Free T-bus service even ditched cars – but saved little money, MBTA says
The new information came in a presentation on alternative pricing proposals to members of MBTA’s supervisory board on Thursday. The agency’s deputy chief executive for public transport policy and planning said eliminating fares on the 28 bus has cut waiting times at bus stops by around 20% and increased the ridership by about 22% compared to similar lines, including about 5% of trips that would otherwise have been car trips.
Two-thirds of riders who took the free 28 bus ended up paying a fare, however, by buying a monthly T pass or transferring to another transit line that charges a fare, Lynsey Heffernan said. Twenty-one percent of passengers saved more than $20 per month and 12% of passengers saved less than $20 per month.
The City of Boston and the MBTA plan to release a full report of the results of the six-month pilot project by the end of the month. In a statement, Boston Street Leader Jascha Franklin-Hodge said the Toll-Free 28 pilot project, which began in August of last year, has saved residents money, d increase attendance and improve bus service.
“Expanded free transit has the power to be a transformative force in Boston and in cities around the world,” the statement said. “We hope that expanding the pilot project to include lines 23 and 29 will help make using public transport easy and accessible while reducing the city’s carbon footprint.”
Heffernan said the T was cautious about working with other municipalities interested in making bus routes free, including Brookline, Cambridge, Salem and others, because it could create a “patchwork solution.” The board made no decisions on what rate equity strategies the agency should adopt at this month’s meeting.
“We [are] beware as staff if some municipalities have resources and some don’t, what does that look like and what is the MBTA’s responsibility in this space? ” she says. “Given some of the data from the assessment in terms of passenger benefits, staff are curious if this is the best approach here.”
Transit advocates who have long called for more reliable bus service and lower fares for low-income people say the Free 28 pilot is working as intended.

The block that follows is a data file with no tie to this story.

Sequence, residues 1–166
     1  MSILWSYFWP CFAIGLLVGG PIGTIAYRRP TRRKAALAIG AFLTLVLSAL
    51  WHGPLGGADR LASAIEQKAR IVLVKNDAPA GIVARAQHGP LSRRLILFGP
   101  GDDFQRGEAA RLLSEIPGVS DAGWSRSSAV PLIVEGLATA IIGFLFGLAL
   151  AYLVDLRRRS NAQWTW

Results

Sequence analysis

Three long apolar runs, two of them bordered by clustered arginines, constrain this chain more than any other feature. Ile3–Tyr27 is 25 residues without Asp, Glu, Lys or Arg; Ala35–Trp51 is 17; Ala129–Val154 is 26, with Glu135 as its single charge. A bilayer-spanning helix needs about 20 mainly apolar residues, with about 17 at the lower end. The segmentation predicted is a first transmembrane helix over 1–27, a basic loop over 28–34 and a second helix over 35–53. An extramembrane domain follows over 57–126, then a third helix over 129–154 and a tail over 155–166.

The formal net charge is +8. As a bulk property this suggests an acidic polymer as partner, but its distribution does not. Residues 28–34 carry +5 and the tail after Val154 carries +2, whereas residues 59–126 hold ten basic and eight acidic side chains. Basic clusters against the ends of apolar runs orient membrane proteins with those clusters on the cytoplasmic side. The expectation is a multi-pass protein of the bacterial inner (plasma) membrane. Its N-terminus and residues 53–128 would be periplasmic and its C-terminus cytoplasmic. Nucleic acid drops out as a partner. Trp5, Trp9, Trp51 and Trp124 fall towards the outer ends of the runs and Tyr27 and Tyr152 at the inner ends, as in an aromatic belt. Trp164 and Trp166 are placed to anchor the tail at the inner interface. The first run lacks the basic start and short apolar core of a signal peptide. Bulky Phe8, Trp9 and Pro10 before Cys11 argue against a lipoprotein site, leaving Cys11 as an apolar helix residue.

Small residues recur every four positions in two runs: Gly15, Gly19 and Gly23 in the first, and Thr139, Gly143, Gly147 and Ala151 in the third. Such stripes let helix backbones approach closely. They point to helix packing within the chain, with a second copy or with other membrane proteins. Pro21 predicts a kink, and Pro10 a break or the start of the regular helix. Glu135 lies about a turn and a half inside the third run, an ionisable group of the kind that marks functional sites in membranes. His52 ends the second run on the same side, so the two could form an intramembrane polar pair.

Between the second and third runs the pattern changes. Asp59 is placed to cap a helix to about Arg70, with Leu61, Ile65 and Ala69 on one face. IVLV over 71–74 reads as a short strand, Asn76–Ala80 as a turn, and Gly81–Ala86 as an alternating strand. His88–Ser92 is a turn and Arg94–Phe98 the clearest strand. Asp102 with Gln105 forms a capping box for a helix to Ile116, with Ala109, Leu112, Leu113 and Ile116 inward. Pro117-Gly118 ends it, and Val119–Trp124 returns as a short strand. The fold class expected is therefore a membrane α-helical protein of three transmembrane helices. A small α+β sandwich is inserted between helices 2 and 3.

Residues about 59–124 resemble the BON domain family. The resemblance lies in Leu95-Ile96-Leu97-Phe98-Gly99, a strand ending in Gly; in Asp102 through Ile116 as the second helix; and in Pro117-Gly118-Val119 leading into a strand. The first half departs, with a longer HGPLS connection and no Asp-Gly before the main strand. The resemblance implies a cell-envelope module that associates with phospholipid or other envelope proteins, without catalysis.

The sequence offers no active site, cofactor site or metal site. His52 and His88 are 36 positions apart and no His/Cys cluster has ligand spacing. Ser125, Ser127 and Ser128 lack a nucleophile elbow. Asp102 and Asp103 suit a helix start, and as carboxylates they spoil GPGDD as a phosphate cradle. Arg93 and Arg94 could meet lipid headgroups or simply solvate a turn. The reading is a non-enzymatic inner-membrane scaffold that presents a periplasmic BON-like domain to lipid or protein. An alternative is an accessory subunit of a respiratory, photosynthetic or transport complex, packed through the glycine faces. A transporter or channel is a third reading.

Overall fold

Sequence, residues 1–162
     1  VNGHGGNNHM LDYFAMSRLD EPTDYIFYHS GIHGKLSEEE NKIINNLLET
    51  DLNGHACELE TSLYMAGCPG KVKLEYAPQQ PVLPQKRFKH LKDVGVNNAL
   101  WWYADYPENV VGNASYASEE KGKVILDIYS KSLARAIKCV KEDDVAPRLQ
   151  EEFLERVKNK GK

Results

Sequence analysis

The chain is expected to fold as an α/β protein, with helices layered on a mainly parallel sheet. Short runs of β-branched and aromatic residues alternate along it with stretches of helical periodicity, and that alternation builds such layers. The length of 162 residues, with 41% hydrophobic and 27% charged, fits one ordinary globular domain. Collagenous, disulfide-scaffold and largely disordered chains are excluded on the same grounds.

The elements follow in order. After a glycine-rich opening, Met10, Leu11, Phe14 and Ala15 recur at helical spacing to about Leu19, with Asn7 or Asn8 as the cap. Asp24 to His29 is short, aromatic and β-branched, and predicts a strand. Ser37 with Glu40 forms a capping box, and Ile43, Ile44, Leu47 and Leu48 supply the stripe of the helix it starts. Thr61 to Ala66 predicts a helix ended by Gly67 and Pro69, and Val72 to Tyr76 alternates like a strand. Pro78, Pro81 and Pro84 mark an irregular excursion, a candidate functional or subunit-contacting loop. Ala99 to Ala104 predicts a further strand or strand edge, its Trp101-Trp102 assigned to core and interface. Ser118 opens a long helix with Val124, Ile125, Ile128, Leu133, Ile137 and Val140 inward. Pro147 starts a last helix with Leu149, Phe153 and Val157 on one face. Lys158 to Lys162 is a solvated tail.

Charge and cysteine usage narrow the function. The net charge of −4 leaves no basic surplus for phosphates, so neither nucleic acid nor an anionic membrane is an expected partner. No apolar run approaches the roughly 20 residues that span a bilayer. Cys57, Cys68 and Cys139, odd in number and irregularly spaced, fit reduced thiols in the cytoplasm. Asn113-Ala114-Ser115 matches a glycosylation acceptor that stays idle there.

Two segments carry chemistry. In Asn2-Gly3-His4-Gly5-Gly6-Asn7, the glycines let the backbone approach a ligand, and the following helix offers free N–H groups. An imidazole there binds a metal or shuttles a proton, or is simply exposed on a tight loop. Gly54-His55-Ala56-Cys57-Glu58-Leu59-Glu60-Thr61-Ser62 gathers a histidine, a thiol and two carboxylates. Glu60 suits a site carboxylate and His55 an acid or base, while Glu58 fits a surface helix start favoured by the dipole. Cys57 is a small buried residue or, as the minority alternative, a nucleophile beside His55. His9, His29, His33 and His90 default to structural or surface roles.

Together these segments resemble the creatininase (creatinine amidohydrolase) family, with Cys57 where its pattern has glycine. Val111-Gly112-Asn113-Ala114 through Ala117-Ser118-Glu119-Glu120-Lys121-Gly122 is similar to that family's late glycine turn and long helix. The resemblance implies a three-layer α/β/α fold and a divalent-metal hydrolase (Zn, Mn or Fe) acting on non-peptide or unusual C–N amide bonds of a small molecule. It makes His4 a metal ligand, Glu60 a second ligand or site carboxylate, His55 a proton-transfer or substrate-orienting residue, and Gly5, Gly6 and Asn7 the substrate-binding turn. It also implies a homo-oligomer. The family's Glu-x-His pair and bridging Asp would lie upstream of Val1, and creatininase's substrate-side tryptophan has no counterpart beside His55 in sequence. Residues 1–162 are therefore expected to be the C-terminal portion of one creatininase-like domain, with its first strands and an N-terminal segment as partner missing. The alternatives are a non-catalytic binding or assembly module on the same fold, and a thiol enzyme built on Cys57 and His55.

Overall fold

“That’s why we’re advocating for free buses statewide,” said Stacy Thompson, executive director of the LivableStreets Alliance, a public transportation advocacy group. “The T is going to collect most of that money anyway, but there are so many other benefits we can implement.”
Fares have traditionally accounted for about 31% of MBTA’s operating revenue, totaling about $700 million, Heffernan said. But only a fraction of fare revenue comes from buses, estimated by advocates at around $30 million a year.
Public transit advocates say by eliminating fares on all buses, more people will use the bus, reducing carbon emissions that cause climate change and improving the quality of life for low-income people for whom multiple trips by bus may be out of reach. Nearly half of passengers using MBTA buses are people of color, Heffernan said, and 42% have annual household incomes below $43,500.
Municipalities are trying to move forward with eliminating fares on MBTA buses within their borders because they haven’t seen the T take a system-wide approach, said Thompson.
“The only reason cities are doing this is because of the lack of leadership from the MBTA to do this system-wide, which has always been the goal,” she said. “Cities are testing free fares to demonstrate that it’s not that expensive, it will increase ridership and improve service.”
Proponents have long called for other strategies to increase ridership and make the MBTA more accessible, including offering a lower fare to low-income adults. Currently, the T offers reduced fares for seniors, people with disabilities, some middle and high school students, and low-income people ages 18-25.
Despite a commitment to its former board of supervisors to pilot a low-income tariff as early as this summer, the MBTA has not indicated whether it will continue to move forward with this plan. At Thursday’s board meeting, the board did not push for a similar pledge or comment on the matter.
MBTA Board Chair Betsy Taylor said she hopes the agency will consider many different types of pilots. She suggested that the agency come up with criteria on how it will measure the success of tariff pilots.
“I hope you and your group will consider as many different types of riders as possible, different cities will have different desires and it’s good to experiment,” she says. “It’s important to know what the advantages and disadvantages of a pilot are.”
Taylor Dolven can be reached at firstname.lastname@example.org. Follow her on Twitter @taydolven.